• by Jacek Poplawski ( 223457 ) on Thursday April 24, 2014 @09:47AM (#46832295)

    Long article about poor iPad sales and no single word about Android.

  • "Officially," eh? (Score:5, Insightful)

    by elistan ( 578864 ) on Thursday April 24, 2014 @10:03AM (#46832463)

    Hmm. iPad sales:

    Q2 2014 - 16.35 million.
    Q2 2013 - 19.5 million.
    Yes, that's a drop in sales.
    But, it's after the following:
    Q1 2014 (includes holiday shopping) - 26.0 million.
    That's the all-time high sales volume for iPads in a quarter. 2nd best is Q1 2013 at 22.9, significantly less.

    In my mind, the way to interpret these recent iPad sales numbers is that there was a huge buying spree for the holidays that somewhat satiated demand. (Only somewhat - Q2 2014 is still the 4th best quarter for sales.) These numbers don't suggest to me that the "fever is officially cooling." Maybe it is, but more than just one quarter of numbers is needed to show that.

  • Tablets (Score:2, Insightful)

    by Somebody Is Using My ( 985418 ) on Thursday April 24, 2014 @10:04AM (#46832469) Homepage

    The iPad - and tablets in general - fill an odd niche that is likely close to capacity. Despite claims about how tablets would replace computers, it quickly becomes obvious to any who have to work on a computer that the tablet form-factor is not sufficient for the task. For the average computer user, the tablet falls into an strange zone where it is both too large and too small. On the one hand, after using a tablet for a while, you will very quickly realize that a larger monitor, a keyboard and a pointer that doesn't involve touching the screen are all very desirable things to have. Sure, you can add these peripherals to a tablet, but if you are going down that route - essentially chaining yourself to a desk again - the limited processor and storage of the tablet and it's higher price means it makes more sense just to buy a proper PC. Meanwhile, if all you want is a portable data-access device - something you can carry around with you at all times to check out the scores or look up some random fact on Wikipedia - then the tablet is suddenly /too/ large; it cannot be conveniently stuck in a pocket like a smart phone.

    Tablets are wonderful little machines for two sorts of people. First, those who aren't heavy computer computer users; the grandmothers of the world who check their email once a day. The tiny screen and on-board keyboard are no major inconvenience because they don't use either enough for it to become a significant problem. The small form factor means the tablet is easy to tuck away when not in use (unlike the big bulky computer which dominates whatever corner it sits in) and its uncomplicated OS makes it easy to use. The other group are people who want it solely for media consumption, whether that takes the form of watching a movie, listening to music, reading articles on the web or playing uncomplicated games. Some of this latter group will also have a proper computer and use the tablet as a supplementary device.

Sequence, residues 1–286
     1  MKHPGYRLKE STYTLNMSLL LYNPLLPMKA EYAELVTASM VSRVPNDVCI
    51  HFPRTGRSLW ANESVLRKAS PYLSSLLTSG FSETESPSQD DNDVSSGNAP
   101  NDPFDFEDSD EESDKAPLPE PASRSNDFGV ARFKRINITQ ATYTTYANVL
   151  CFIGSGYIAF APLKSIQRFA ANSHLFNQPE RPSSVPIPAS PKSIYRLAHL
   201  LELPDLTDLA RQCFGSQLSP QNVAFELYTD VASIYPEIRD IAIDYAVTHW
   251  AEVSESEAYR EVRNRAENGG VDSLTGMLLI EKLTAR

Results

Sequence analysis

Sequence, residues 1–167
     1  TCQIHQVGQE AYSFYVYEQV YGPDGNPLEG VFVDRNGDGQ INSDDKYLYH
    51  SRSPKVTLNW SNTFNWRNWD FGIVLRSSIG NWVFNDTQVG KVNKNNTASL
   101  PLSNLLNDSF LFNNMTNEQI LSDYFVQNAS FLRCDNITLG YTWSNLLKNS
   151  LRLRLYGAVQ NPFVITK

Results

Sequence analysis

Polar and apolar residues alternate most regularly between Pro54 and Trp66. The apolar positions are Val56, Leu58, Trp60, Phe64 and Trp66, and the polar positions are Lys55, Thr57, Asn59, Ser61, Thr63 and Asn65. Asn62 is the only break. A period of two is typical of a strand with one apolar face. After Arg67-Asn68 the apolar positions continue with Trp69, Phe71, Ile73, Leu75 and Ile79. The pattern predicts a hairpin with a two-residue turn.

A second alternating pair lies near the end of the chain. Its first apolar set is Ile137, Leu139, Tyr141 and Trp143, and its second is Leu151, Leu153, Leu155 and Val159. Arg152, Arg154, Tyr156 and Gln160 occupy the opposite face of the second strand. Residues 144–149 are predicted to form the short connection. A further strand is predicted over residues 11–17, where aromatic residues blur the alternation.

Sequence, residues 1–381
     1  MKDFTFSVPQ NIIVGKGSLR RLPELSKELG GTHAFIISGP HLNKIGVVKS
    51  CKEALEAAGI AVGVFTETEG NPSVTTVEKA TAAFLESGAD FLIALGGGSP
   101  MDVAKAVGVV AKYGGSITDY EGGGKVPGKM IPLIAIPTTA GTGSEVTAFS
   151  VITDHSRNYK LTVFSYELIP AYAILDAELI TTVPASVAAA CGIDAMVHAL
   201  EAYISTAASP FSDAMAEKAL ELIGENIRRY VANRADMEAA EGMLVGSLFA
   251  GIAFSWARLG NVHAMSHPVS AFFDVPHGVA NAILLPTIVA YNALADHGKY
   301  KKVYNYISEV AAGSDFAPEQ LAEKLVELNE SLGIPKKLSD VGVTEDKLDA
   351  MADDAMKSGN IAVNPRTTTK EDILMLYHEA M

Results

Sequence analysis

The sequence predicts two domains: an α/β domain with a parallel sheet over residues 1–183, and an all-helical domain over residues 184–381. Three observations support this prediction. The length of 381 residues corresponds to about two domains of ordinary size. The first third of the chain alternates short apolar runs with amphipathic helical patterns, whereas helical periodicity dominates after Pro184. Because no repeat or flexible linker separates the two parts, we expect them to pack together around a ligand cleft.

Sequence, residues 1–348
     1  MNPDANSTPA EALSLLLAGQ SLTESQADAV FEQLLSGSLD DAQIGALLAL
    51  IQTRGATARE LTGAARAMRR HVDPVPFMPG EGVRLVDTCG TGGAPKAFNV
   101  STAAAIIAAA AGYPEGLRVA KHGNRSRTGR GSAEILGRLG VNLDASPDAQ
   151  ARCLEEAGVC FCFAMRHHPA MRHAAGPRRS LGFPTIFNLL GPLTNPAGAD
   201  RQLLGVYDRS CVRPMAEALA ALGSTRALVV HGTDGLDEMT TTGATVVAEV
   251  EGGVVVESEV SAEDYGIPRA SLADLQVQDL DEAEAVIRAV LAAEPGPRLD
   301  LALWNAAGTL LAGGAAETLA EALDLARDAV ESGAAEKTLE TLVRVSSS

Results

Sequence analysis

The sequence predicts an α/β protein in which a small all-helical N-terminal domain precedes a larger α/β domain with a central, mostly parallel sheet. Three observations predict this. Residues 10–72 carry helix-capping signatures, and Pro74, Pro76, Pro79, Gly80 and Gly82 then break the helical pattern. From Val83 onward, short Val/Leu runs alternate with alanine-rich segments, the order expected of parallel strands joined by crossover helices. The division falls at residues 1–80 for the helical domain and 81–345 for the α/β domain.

But the idea that the tablet was going to supplant the computer - and all its sales - is patently false. Its niche are users who either didn't really need a computer, (or needed it so rarely that they saw no need to upgrade regularly), or people who considered it an entertainment device that they expected - like a TV or game console - to last far longer than Apple's usual product cycle. These groups just don't see the importance of getting a new tablet every two years, even if it does have an Apple logo on it.

    I like tablets; I own several and have found uses for all, but they are not the revolutionary industry-changing machines that some people thought them to be. They are useful and - like desktops - will probably remain with us until we all finally get cyber-brain implants but they are still just a small part of the overall computer ecosystem. If Apple - or any other major computer company - thought they could depend on tablets alone to maintain them, they should rethink that strategy.

    • by InvalidError ( 771317 ) on Thursday April 24, 2014 @10:55AM (#46832941)

      First, those who aren't heavy computer computer users; the grandmothers of the world who check their email once a day.

      In my immediate family, I am the only one who really needs a PC. The rest of them rarely do anything more compute-intensive than watching cats on youtube or facebook. Among my friends, about half of them could manage with only a tablet and most of the other half uses their PCs mainly for gaming... that leaves 10-20% of the people I know genuinely needing a PC for something other than gaming.